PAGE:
At breakfast this morning I finally met up again with the famous Calgary Two who checked into the same hotel as me yesterday. We shared a very enjoyable booth-like discussion about all those bikerly issues that affect us, our different routes through Canada, and also family and friends. We all felt that any kind of deadline quickly becomes a stress in this biking world. The unpredictability of progress means that flexibility is the key. They’re now out looking for a second breakfast whilst I’m doing some sorting out of my kit before leaving again tomorrow.
Next up is “Danny rose woody is it a booth?”. I do know what this one is – Woody Allen’s heartbreakingly funny masterpiece, Broadway Danny Rose, opens with a group of old time “acts” reminiscing together in the Carnegie Deli (opposite Carnegie Hall NYC). I couldn’t remember if this scene was actually in a booth, and found it was in fact around a big table, but the spirit is that of a great booth encounter, time stands still, the plates are pushed aside, the memories flow and no-one wants to leave. Worth watching the whole clip (despite the odd inserts from the person who posted it):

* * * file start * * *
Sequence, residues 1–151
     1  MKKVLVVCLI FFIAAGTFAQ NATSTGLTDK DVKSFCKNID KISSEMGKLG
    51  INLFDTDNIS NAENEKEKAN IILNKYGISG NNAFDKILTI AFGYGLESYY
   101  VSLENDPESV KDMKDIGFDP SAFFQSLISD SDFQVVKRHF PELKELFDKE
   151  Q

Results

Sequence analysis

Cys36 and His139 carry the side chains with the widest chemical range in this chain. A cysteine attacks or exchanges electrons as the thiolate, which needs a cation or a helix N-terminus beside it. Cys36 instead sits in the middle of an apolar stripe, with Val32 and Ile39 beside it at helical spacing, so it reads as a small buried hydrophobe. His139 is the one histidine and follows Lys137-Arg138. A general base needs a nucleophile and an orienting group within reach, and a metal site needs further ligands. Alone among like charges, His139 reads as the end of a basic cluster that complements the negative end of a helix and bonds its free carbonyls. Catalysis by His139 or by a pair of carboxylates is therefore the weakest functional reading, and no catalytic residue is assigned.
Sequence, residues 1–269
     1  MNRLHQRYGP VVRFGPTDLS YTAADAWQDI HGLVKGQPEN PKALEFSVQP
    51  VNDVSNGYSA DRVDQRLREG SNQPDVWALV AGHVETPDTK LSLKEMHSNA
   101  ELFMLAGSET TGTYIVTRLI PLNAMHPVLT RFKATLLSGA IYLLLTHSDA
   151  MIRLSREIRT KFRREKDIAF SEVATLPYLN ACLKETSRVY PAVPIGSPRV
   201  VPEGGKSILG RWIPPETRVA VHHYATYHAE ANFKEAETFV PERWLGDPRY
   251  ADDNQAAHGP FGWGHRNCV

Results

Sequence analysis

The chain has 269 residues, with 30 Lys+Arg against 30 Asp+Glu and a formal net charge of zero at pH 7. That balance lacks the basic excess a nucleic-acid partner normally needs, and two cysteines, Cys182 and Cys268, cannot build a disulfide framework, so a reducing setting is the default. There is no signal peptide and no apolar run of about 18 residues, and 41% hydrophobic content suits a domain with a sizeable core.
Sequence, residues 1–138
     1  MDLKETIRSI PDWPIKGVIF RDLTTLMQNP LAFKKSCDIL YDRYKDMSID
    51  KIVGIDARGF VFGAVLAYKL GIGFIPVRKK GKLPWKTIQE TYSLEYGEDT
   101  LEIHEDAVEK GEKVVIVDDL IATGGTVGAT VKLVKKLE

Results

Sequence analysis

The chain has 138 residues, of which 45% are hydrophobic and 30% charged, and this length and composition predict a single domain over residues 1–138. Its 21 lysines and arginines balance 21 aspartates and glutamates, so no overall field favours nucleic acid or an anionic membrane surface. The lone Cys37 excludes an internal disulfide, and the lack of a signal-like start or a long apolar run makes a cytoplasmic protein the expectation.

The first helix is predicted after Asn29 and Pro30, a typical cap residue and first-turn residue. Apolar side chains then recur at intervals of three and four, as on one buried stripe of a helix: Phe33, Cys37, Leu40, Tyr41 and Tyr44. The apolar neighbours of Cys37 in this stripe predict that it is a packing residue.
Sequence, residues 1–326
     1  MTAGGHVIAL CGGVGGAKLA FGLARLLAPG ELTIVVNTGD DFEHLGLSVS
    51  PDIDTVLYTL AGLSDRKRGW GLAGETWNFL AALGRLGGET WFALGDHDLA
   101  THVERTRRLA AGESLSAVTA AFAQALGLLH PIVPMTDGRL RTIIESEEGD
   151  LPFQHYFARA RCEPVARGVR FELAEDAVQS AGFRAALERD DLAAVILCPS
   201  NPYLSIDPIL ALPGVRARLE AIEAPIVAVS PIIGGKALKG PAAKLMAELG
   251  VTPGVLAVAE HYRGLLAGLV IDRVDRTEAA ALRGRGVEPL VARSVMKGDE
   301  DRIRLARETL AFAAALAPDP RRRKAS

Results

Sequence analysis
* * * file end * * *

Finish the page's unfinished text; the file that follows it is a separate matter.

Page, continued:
One of my favourite Woody lines is in this mobster-related New York story. Woody and Mia Farrow are in the car discussing her mobster husband:
Mia: “This guy shot him in the eye”
Woody: “So he’s blind?”
Mia: “No, dead!”
Woody: “Of course, because bullets go right though…”
An unexpected, timely and very rare butterfly sighting has just been received at the blog, from Stewart B of Tswassen, famous for his bear
I’m still waiting for someone to improve on my Word Game score, Daze, Doze, Dead. I can’t believe I’m not way off the game.